Before and After: A Charming $120 IKEA BILLY Facelift Makes for an Ideal First-Ever Furniture Flip
First-time furniture flips are definitely learning opportunities. A few bits of advice, if you’re looking to try your hand at it: Do your first flip on a free or low-cost piece of furniture so the financial stakes are low, remember you can always sand and paint over a botched paint job, prep work is key, and small-scale projects are best for beginners. From there, you can tackle more complicated designs and larger-scale projects.
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This $120 cabinet redo was a first-time furniture flip for experienced DIYer Julia Cole (@twentylot). Julia shopped smart, choosing a secondhand IKEA BILLY to work with. That pick is a double win because again, it’s great to start with a free or secondhand find; it’s doubly great if there’s lots of inspiration and advice out there to follow, as there is for something as widely altered as an IKEA BILLY. (And trust us, there really is lots of inspiration and advice! Check out this $300 renter-friendly IKEA BILLY redo, for example.)
Julia says the lower cost of a used bookcase was part of her motivation. “I was hesitant to spend the money on brand-new IKEA in case I messed up,” she shares. “I was able to source a like-new BILLY bookcase on Facebook Marketplace. It came with all the parts, and it didn’t really matter what color it was since I was planning on painting a darker color anyway.”
Julia used Valspar’s line of furniture paint (color matched to Sherwin-Williams’ Rock Bottom), a gray-ish navy color for the project. “I have heard and read that painting IKEA pieces can be a bit difficult,” Julia says. “I used a quality primer, and I think that made all the difference! I think also using a darker color helped with hiding some of the imperfections.” (That’s another great first-timer tip.)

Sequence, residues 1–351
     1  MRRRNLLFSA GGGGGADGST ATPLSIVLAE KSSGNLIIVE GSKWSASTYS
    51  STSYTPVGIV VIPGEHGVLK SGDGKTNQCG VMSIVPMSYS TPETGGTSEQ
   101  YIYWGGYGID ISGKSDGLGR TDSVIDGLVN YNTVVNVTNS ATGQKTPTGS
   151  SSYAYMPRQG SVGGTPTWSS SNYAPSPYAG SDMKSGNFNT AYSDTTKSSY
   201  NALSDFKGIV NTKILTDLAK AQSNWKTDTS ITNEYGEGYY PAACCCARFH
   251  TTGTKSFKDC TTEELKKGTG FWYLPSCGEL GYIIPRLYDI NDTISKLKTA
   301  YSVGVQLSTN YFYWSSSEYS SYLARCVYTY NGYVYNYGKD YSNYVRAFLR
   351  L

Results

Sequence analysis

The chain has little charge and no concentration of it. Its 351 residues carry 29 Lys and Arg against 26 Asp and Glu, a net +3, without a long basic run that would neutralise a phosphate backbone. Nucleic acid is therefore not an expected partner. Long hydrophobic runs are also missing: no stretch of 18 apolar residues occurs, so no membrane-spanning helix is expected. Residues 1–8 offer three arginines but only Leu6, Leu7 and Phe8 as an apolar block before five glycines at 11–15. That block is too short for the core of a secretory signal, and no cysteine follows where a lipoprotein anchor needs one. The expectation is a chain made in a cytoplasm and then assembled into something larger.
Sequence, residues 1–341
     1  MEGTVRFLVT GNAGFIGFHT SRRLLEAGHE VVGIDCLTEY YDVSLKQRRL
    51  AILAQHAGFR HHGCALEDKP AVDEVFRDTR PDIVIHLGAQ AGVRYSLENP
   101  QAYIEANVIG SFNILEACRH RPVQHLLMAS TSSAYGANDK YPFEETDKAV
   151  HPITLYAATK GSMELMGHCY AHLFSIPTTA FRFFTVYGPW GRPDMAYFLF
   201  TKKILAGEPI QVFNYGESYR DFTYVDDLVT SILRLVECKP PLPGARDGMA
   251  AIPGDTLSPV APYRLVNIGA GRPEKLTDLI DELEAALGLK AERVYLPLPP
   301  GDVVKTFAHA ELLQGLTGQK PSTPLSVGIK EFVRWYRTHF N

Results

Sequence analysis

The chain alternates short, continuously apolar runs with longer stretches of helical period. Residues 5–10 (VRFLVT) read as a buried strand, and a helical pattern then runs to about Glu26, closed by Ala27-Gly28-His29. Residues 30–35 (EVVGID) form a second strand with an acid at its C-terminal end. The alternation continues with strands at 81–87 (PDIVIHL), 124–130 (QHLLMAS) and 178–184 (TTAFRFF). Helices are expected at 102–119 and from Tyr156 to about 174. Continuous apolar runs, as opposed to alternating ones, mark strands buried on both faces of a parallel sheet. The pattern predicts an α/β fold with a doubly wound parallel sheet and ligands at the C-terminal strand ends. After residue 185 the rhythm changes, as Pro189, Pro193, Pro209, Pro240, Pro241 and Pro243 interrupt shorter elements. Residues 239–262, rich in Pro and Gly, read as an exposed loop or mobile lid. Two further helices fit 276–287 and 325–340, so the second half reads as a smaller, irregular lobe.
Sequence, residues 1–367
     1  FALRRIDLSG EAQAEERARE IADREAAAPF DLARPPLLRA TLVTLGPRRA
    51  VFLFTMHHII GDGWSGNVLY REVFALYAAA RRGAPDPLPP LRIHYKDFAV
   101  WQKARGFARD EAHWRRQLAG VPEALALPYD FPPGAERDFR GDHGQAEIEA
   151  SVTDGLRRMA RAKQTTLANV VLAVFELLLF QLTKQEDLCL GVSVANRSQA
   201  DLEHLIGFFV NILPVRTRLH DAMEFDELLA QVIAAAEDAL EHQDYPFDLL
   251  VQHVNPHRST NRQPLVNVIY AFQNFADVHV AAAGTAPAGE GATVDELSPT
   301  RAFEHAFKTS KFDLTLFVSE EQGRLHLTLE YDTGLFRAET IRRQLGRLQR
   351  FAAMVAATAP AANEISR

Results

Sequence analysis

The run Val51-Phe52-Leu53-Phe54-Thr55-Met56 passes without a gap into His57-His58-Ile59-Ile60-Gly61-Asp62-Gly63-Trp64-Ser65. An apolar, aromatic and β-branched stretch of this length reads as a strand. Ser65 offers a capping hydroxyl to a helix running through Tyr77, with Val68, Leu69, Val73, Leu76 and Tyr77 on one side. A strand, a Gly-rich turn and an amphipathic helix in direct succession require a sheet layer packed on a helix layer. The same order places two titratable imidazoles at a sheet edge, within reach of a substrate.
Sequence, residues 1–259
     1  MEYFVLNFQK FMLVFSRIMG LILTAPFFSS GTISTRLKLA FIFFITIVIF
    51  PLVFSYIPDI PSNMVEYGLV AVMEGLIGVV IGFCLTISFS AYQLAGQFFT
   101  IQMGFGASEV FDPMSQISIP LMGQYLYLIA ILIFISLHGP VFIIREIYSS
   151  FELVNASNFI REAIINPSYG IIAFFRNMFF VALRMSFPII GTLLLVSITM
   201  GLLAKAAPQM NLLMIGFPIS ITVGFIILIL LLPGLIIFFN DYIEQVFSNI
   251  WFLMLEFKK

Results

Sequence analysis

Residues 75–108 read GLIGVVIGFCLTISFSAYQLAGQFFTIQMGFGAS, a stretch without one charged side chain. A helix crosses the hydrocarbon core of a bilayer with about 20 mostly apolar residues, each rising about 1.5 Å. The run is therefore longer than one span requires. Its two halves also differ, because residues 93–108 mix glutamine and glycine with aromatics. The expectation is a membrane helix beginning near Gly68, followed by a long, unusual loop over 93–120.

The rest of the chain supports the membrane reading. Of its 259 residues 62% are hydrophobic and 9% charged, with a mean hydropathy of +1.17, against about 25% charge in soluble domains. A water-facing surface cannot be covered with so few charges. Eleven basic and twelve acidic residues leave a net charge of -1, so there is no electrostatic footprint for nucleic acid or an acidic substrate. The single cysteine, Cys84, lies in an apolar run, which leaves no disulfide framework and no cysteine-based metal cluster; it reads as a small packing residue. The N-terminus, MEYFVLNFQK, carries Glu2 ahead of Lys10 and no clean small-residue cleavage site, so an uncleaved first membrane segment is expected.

Julia says she also liked the dark color because it made the fluted trim she attached to the cabinet’s lower doors pop. Julia used 7-foot trim strips from Lowe’s for the added texture and cut them in in half to match the height of her cabinets.
Julia used plywood to create the arches on her doors. She created a curved template using a pencil, string (a free alternative to a compass), and cardboard; then, she traced that onto the wood before cutting it out. “This was the first time I had ever used a jigsaw!” Julia says. “I was nervous to cut out an arch, and it took a couple tries as well as a ton of sanding to get the shape just right.”
The arch detail is probably Julia’s proudest accomplishment in this project. “Math has never been my strong suit, particularly algebra, but I got to flex some geometry here, and it ended up working out while I was getting creative on how to shape out the top,” she says. “Every time I look at it, I’m reminded of how intimidated I was initially to even tackle a furniture makeover and that I was able to do it! It really gives me the confidence to try other projects around the house.”
She finished the cabinet with daisy-shaped knobs from HomeGoods. However, “they are a smidge too big to close,” Julia says. “If I were to do anything differently, it would probably be to drill new cabinet holes for the knobs. I could probably do that later if it continues to bother me!”
Julia has one last piece of DIY advice post-project — and it’s a great one, especially for those embarking on their first project: “Take inventory of any leftover materials you may have from previous projects,” she says. “Since this was our first project, I had purchased quite a few things brand-new. Since then, we still have leftovers, and I have found ways to incorporate some of these materials in new and upcoming projects!” Julia’s materials this time around cost her about $120, but in the future, she’ll be able to save on her upfront supply costs — meaning the creative possibilities abound.
Inspired? Submit your own project here.